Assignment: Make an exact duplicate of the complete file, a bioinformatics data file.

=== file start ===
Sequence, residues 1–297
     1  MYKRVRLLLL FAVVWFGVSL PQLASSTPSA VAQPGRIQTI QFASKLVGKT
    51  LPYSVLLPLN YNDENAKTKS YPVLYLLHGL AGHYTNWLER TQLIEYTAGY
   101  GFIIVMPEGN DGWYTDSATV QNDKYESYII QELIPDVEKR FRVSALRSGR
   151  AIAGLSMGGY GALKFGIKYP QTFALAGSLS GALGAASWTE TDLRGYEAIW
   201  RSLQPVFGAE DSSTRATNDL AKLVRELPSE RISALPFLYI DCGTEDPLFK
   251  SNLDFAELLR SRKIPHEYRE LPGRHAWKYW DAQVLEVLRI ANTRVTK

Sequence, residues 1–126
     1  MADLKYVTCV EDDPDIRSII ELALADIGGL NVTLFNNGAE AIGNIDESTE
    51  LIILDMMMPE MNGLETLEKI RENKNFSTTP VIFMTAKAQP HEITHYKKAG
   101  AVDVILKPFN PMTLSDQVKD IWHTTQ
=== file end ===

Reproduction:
Sequence, residues 1–297
     1  MYKRVRLLLL FAVVWFGVSL PQLASSTPSA VAQPGRIQTI QFASKLVGKT
    51  LPYSVLLPLN YNDENAKTKS YPVLYLLHGL AGHYTNWLER TQLIEYTAGY
   101  GFIIVMPEGN DGWYTDSATV QNDKYESYII QELIPDVEKR FRVSALRSGR
   151  AIAGLSMGGY GALKFGIKYP QTFALAGSLS GALGAASWTE TDLRGYEAIW
   201  RSLQPVFGAE DSSTRATNDL AKLVRELPSE RISALPFLYI DCGTEDPLFK
   251  SNLDFAELLR SRKIPHEYRE LPGRHAWKYW DAQVLEVLRI ANTRVTK

Sequence, residues 1–126
     1  MADLKYVTCV EDDPDIRSII ELALADIGGL NVTLFNNGAE AIGNIDESTE
    51  LIILDMMMPE MNGLETLEKI RENKNFSTTP VIFMTAKAQP HEITHYKKAG
   101  AVDVILKPFN PMTLSDQVKD IWHTTQ